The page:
For: Jose Garces

"Iron Chef of America's" winner talks about creating a memorable dining experience.

Jose Garces is the owner and executive chef for the nine restaurants that make up the Garces Restaurant Group, and he is the latest winner of the Next Iron Chef competition on The Food Network’s "Iron Chef America." Garces will be one of the keynote speakers at the 2011 national conference of the Society for Foodservice Management, which will be held Oct 3-6 in Philadelphia. SFM posed five questions to Jose to introduce him to conference attendees.

Q. What is the most essential prerequisite for working for the Garces Restaurant Group?

I expect a lot from my employees, but nothing is more critical than ambition. A positive, upbeat attitude and a willingness to always step up to the plate will win me over every time. And in general, I find that people who display that kind of ambition have the talent to back it up, which makes them even more valuable.

Q. What are the essential components to creating a comfortable, memorable and signature dining experience?

A dining experience is more than just a plate of food. It’s an experience, one that should involve all the senses. The challenge as a chef and restaurateur is using all the tools available to ensure that all of my guests’ senses are overwhelmed—in a good way—by their meal. Delicious food, served properly and efficiently by a polite and capable server, is only one piece; the aromas from the kitchen, the temperature of the room, the volume of the music, even the comfort of their seat (and so much more) contribute to a truly great meal.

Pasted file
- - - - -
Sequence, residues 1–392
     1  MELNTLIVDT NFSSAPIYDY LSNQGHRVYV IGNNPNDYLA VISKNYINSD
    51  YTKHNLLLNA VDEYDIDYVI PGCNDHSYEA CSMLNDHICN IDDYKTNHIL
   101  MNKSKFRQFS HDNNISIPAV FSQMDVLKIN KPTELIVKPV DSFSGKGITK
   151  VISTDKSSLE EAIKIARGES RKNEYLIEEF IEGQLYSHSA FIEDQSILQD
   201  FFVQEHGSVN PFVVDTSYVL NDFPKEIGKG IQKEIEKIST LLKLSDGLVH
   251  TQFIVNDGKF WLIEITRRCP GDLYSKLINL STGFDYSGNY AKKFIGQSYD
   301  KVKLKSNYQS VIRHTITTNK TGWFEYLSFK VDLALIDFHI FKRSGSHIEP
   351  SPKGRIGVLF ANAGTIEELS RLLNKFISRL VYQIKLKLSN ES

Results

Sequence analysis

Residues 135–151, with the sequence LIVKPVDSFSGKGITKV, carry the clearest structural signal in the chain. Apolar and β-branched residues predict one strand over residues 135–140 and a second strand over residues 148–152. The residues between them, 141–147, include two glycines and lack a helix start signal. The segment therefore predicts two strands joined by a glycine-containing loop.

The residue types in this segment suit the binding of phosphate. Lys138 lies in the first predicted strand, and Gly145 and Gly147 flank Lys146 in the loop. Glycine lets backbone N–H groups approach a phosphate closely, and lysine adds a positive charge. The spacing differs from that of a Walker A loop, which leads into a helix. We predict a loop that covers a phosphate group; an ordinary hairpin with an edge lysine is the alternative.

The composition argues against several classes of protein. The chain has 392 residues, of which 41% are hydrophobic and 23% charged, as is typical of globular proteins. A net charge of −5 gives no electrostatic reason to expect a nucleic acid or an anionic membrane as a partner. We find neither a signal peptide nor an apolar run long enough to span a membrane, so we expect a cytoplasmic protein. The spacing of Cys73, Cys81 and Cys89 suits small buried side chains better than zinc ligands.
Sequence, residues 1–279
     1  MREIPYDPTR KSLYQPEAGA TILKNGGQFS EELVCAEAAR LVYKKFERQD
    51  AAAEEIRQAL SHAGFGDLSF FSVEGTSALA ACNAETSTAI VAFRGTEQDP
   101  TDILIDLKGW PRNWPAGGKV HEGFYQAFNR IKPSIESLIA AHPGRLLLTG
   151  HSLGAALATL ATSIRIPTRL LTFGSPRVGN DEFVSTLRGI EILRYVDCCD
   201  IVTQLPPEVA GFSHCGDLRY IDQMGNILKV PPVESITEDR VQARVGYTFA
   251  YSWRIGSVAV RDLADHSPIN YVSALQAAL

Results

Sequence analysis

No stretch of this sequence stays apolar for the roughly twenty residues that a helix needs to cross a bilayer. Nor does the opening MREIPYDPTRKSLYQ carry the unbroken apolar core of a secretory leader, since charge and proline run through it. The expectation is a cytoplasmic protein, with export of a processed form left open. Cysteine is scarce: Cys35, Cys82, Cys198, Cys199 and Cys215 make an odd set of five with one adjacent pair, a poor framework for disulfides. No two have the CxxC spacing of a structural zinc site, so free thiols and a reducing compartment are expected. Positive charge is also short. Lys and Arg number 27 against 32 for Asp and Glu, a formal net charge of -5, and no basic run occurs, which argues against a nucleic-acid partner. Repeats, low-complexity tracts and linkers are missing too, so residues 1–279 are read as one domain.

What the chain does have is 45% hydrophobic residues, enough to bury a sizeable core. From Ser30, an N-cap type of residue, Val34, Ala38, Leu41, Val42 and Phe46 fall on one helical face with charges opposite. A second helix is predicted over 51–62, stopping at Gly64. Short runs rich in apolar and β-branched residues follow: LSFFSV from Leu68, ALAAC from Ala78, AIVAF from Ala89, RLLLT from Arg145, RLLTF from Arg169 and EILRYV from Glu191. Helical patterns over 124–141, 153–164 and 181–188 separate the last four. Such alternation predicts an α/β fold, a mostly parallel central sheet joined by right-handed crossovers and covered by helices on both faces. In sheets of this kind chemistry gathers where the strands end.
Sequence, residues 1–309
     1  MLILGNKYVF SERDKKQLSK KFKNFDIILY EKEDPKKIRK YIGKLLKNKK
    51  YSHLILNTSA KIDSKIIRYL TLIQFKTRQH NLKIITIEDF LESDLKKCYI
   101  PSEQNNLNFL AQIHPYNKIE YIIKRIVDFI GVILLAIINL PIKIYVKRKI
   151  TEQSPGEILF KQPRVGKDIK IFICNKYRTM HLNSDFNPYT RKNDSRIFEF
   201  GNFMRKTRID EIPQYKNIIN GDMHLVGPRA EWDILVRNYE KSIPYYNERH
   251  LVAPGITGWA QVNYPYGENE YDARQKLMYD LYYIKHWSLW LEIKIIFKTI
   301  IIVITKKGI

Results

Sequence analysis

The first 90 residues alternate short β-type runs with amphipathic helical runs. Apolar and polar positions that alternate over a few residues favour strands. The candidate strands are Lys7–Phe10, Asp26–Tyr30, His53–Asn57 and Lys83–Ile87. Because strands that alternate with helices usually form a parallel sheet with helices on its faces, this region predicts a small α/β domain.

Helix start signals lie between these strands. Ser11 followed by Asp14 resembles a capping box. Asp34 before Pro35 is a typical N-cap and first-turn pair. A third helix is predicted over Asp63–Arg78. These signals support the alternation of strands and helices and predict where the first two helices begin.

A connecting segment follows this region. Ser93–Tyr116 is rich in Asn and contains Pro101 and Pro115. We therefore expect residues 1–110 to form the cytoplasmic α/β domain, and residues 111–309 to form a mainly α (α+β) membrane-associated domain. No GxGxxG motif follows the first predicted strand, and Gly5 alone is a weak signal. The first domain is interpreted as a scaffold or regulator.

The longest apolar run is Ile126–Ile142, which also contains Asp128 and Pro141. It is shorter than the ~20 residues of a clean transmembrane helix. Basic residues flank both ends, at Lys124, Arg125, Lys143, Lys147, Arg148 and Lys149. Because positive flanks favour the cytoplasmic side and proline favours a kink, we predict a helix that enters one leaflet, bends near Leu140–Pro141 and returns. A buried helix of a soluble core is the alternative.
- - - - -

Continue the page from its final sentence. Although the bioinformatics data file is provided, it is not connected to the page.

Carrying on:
With regard to creating a “signature” experience, I think it’s important to innovate and introduce my guests to new things, but not solely for innovation’s sake. Changes to a traditional dining experience have to make the meal more comfortable and memorable for them. To that end, many of my restaurants serve small plates. That was unusual when we opened Amada in 2005, but we didn’t do it to be unusual; it was true to our concept (Andalusian tapas) and also allowed our guests to experience more flavors and dishes over the course of their meal, rather than limiting themselves to one appetizer and one entrée. It’s small modifications such as that that can take a meal from “delicious” to a “signature” experience, giving people that much more value and exposing them to something new in a thoughtful and unexpected way.

Q. What do you consider to be the most overrated foodservice trend?

I have never been a fan of compromising the quality of ingredients in order to prepare food more quickly. This “trend” has been around for a long time, but I think people are finally beginning to question it. Where our food comes from is important—often, more important than how quickly we can wrap it up and devour it—and the increasing availability of farm-fresh produce, even in the heart of our big cities, is a testament to people’s renewed interest in eating better, not just faster or cheaper. And inexpensive, on-the-go food doesn’t have to be preprocessed, frozen or reheated. Part of my mission with my Mexican street food truck, Guapos Tacos, is serving fresh, locally sourced ingredients in a quick, convenient way, and so far I don’t think that any of our customers would trade in their hand-crafted corn tortilla or fresh-made guacamole for frozen-then-fried food.

Q. What was the hardest 'mystery ingredient' you had to cook with on Iron Chef?